Scottish Silver Cowrie Shell Snuff Mull, c1898
The list consists of designers and maker’s marks that have been difficult to find in reference materials so far. When information is found it will appear with credit given to the person who provided it. Thank you, in advance, for your assistance. US silver companies such as Gorham and Tiffany often used both marks in the late ‘s. Britain never used a standard less than
A sterling silver object that is to be sold commercially is, in most countries, stamped with one or more silver hallmarks indicating the purity of the silver, the mark of the manufacturer or silversmith, and other (optional) markings to indicate date of manufacture and additional information about the piece.
We have two aims: The association hasn’t any commercial interest. The association carries out its activity on the internet within this website http: Its objectives are to host articles supplied by members on matters of common interest, to report links to websites related to silver and its hallmarks and to devote some pages to illustrate the most interesting pieces owned by our members Photos and a brief description will be sufficient. The page will be created by our staff: Our invitation is addressed to all private collectors and keen lovers of antique silver.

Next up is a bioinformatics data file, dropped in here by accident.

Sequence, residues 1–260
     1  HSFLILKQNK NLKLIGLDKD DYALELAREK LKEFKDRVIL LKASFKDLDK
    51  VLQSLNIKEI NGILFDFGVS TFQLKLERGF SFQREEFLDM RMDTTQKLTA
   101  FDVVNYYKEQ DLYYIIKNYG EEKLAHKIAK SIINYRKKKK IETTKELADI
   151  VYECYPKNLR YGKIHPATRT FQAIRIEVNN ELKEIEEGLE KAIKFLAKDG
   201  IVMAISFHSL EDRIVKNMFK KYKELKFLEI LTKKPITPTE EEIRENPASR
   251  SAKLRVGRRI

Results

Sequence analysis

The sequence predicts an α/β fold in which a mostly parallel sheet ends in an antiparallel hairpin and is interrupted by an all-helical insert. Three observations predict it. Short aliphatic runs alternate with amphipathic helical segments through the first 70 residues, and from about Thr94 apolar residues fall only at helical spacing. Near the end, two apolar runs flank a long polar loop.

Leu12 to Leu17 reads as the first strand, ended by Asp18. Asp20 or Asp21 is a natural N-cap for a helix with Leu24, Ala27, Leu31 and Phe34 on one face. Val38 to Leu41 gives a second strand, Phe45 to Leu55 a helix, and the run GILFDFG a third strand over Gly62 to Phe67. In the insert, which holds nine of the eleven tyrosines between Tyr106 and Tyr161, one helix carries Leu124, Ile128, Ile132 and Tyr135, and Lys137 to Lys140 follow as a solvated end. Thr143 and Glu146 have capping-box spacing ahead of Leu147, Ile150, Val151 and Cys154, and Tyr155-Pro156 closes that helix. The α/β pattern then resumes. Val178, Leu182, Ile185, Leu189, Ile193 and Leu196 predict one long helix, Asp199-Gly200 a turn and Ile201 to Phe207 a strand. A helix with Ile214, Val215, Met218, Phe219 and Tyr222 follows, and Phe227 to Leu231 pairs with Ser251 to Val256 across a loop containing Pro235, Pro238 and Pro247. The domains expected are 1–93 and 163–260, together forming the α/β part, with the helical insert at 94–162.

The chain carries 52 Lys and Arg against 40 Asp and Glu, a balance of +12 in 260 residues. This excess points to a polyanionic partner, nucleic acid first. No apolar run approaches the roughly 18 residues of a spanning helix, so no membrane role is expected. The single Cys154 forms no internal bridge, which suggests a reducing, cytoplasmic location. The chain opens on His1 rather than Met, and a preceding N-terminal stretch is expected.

Professional dealers may join the ASCAS as collectors or for private interest on antique silver, but our website has no link with commercial firms or advertising objectives. Membership is absolutely free, but the association reserves the right to evaluate the requests for admission of its members. The request may be submitted addressing an e-mail to silverassociation yahoo. It is a non-profit association without commercial links. Membership is open to whomever has a true interest in this subject matter.
Scottish Sterling Silver Salver W.&P. Cunningham 1804
The mark used was a profile portrait of the reigning monarch’s head. The use of this mark was abolished in Its purpose was to establish when a piece was presented for assay or testing of the silver content.
“Antique Silver Bowl with Hallmarks” or,”Beautiful Georg Jensen Art Nouveau Sterling Centerpiece c”. The second one of course. This is simply using strategic keywords in .
Your guide to antique pottery marks, porcelain marks and china marks Dating Antique Silver Hallmarks Antique Silver Hallmarks and how to indentify where your silver comes from. Antique silver hallmarks have been used to control the quality of goods made of silver since the 14th century and the organisation that regulates the craft, Goldsmiths Hall, gave the world the term hallmark. Every item made of silver must be sent to an Assay Office for testing.
This is to ensure it is of the required sterling silver standard and, provided it conforms to a standard, a series of symbols are stamped into each part of the item. Today and for the past few centuries, this stamp or silver hallmark has shown the place and year of manufacture of the assayed silver item, as well as the silversmith who made or sponsored the item.
The laws governing silver hallmarking are very strict and if an item does not comply with a standard the item will not be hallmarked and will probably be destroyed. A false silver hallmark has always been treated with the utmost severity by the law and in the past a silversmith was pilloried for their first offence, where they would be pelted with rotten fruit and vegetables.